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Transalp: Penzberger Sacher and Winkler create extreme bike races

2022-06-26T16:07:47.391Z

Transalp: Penzberger Sacher and Winkler create extreme bike races Created: 06/26/2022, 18:00 Arrived in Arco proud and satisfied: Wolfgang Sacher from Penzberg (l.) and Erich Winkler – including a panorama of Lake Garda. © Wolfgang Müller-Schell Penzberg - The Penzberg disabled cyclist Wolfgang Sacher and Erich Winkler have successfully completed the Tour Transalp. You end up in 31st place. Th



Transalp: Penzberger Sacher and Winkler create extreme bike races

Created: 06/26/2022, 18:00

Arrived in Arco proud and satisfied: Wolfgang Sacher from Penzberg (l.) and Erich Winkler – including a panorama of Lake Garda.

© Wolfgang Müller-Schell

Penzberg - The Penzberg disabled cyclist Wolfgang Sacher and Erich Winkler have successfully completed the Tour Transalp.

You end up in 31st place.

The Passo del Ballino is anything but a giant among the Alpine passes.

The short ascent in the north of Lake Garda measures just 775 meters, so for most cyclists it is only worth a side note on their tours.

For Wolfgang Sacher and his teammate Erich Winkler, however, the Passo del Ballino was something of a salvation: after seven tough days in the Alps, the mountain represented the last hurdle before they crossed the Alps on Saturday (June 25) in the reached race pace.

Almost 32 hours cycled

"After the Passo del Ballino it was all downhill - and then we made it," says Sacher.

After a total of 31 hours, 58 minutes and two seconds of driving time, they reached the finish of the day in Arco, on the northern shore of Lago di Garda.

In 31st place in the overall ranking - happy, but at the same time exhausted from the exertions of the past week.

“For us, the highlight of the seven stages was undoubtedly the finish in Arco.

The jubilation of the spectators was overwhelming and we were speechless", smiles the Penzberger.

Passo Stelvio crossed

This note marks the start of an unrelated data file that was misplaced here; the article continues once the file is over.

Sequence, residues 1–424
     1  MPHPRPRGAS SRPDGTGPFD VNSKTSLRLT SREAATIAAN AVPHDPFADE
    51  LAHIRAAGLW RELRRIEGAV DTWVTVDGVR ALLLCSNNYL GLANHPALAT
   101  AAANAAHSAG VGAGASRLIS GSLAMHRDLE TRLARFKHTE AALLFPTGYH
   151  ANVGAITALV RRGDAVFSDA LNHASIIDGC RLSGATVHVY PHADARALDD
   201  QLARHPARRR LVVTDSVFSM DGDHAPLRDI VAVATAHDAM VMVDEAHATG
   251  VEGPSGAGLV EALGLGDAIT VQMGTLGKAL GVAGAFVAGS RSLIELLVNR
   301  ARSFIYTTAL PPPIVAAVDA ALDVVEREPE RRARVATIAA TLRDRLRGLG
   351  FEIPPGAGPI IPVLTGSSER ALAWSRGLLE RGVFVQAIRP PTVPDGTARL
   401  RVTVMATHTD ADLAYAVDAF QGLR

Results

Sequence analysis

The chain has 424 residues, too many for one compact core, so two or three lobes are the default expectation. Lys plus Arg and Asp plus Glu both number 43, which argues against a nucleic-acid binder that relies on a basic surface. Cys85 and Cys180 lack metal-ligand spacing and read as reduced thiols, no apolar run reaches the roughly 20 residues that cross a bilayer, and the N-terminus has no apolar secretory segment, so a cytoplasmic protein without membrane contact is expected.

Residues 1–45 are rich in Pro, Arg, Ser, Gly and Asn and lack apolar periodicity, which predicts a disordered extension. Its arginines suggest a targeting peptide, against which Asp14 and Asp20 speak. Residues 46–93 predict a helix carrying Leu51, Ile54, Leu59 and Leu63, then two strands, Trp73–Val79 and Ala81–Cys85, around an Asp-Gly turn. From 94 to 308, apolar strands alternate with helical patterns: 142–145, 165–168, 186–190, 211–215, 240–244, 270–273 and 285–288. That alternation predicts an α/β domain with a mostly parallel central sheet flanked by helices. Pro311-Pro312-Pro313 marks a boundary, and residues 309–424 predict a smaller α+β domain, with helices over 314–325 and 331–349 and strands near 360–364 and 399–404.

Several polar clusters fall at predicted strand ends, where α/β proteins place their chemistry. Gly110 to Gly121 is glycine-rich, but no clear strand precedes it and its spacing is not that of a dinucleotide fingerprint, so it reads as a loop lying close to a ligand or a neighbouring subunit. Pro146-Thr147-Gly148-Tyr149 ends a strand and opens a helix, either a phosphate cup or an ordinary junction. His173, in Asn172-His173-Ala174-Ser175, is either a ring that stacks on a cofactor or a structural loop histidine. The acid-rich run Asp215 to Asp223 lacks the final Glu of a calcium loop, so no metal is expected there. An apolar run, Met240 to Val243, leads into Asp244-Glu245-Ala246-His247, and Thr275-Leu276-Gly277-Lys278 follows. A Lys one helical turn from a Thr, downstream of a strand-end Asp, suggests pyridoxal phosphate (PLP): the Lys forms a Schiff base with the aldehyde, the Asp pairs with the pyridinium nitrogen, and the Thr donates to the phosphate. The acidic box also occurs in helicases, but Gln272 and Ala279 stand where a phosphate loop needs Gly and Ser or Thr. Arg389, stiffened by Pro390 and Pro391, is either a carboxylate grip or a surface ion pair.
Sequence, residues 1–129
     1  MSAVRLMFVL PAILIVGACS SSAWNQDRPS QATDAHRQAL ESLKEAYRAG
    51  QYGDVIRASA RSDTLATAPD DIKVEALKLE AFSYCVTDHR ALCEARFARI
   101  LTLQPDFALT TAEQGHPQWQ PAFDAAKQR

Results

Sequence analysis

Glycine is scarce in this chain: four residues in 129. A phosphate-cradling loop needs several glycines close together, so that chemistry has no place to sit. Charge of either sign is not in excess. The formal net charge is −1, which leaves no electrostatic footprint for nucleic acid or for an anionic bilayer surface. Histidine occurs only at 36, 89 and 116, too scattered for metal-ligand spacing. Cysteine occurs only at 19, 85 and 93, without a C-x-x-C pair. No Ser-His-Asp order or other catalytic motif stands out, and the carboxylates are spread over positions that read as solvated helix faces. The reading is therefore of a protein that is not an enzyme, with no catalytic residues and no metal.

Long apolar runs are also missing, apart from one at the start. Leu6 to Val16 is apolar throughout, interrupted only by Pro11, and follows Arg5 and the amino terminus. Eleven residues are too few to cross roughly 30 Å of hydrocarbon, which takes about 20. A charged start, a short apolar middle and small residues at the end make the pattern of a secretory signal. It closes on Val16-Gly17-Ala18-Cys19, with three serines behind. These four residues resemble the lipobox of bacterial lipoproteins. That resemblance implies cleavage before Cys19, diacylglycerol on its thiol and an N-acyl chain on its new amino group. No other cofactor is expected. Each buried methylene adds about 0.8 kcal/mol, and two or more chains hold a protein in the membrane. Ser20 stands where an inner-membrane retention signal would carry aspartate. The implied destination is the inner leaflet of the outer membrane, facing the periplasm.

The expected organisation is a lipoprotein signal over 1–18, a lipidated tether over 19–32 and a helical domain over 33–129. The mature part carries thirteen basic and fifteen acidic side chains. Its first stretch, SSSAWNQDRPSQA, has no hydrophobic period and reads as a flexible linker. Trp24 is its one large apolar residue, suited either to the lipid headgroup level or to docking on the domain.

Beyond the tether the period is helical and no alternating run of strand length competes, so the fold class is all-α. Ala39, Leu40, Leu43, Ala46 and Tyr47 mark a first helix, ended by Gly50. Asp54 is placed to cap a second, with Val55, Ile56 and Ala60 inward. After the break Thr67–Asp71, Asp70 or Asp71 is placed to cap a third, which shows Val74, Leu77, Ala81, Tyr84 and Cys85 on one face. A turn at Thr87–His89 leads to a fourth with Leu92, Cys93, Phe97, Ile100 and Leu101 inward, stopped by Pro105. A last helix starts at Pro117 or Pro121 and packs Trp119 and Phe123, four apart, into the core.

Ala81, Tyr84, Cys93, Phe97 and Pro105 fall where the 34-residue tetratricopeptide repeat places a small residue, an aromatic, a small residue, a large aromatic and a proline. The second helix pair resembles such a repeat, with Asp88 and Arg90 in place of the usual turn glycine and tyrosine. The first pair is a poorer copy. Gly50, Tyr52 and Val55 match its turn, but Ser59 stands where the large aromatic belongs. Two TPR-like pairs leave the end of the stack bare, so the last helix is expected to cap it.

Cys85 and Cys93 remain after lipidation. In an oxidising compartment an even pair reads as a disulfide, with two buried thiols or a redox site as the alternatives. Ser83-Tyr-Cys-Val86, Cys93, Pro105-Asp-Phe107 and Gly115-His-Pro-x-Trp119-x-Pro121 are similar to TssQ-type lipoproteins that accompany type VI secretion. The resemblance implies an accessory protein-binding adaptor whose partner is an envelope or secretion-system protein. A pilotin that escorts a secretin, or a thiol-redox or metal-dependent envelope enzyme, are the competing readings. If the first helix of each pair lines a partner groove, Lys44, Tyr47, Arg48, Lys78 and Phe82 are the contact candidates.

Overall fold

Sacher and Winkler covered a total of 620 kilometers and an impressive 15,800 meters in altitude as part of the Tour Transalp.

The two Paralympic medal winners crossed the 2757 meter high Stelvio Pass on their racing bikes.

You have mastered the Mortirolo Pass, which is up to 20 percent steep.

And despite their handicaps - the 55-year-old Sacher has been missing an arm and several toes since a high-voltage accident when he was young, Winkler, who is a year younger than him, lost an arm and a leg in a motorcycle accident - they have numerous non-injured and in some cases significantly younger teams behind them calmly.

"It wasn't a walk, though," says Sacher.

“Erich didn't have it easy with one leg, especially on the long and steep passes.


Broken brake cable

But the sporting challenges were not the only hurdles that Sacher and Winkler had to overcome.

After a fast descent on a pass on the fifth stage, Sacher's front brake cable broke, meaning that he was no longer able to descend the steep descent that followed.

First on foot and later with the help of the team vehicle of a Dutch team, he reached the next village, where a bike mechanic helped him with the repairs.

Seen serious falls

It wasn't the only tricky situation: On the fourth day, temperatures in the single digits and pouring rain made the descents a nail-biter.

On the fifth day, they witnessed several serious falls.

“I've already ridden the Transalp several times.

Especially on the last stages, many participants are tired - and driving mistakes happen.

Accordingly, we were happy to have made it through in good health," explains Sacher.


Teamwork a reason for success

That they made it – one reason for that was the good teamwork.

From day one, the two disabled cyclists helped each other, with Sacher, the faster rider, doing a lot of help for Winkler.

So he not only provided his partner with water, power gels and energy bars, but also occasionally gave him push assistance on steep sections of the mountain.

“Wolfgang could not have been more considerate.

Whether on the mountain or on the flat - he was always by my side and motivated me when I got weak.

That was pure team spirit,” said Winkler at the finish in Arco.

They have achieved their common goal: to show that you can achieve great things despite a disability.

"If we can make it across the Alps with a total of two arms and three legs, then the others can do it too," says Sacher.


Sacher: Now Bavarian championship

While Winkler is preparing for the World Championships in disabled cycling after the Transalp in mid-August, Sacher will concentrate on the Bavarian championships in the individual time trial in the coming weeks.

This will take place in Treuchtlingen on July 31st.

Wolfgang Müller-Schell

Source: merkur

All news articles on 2022-06-26

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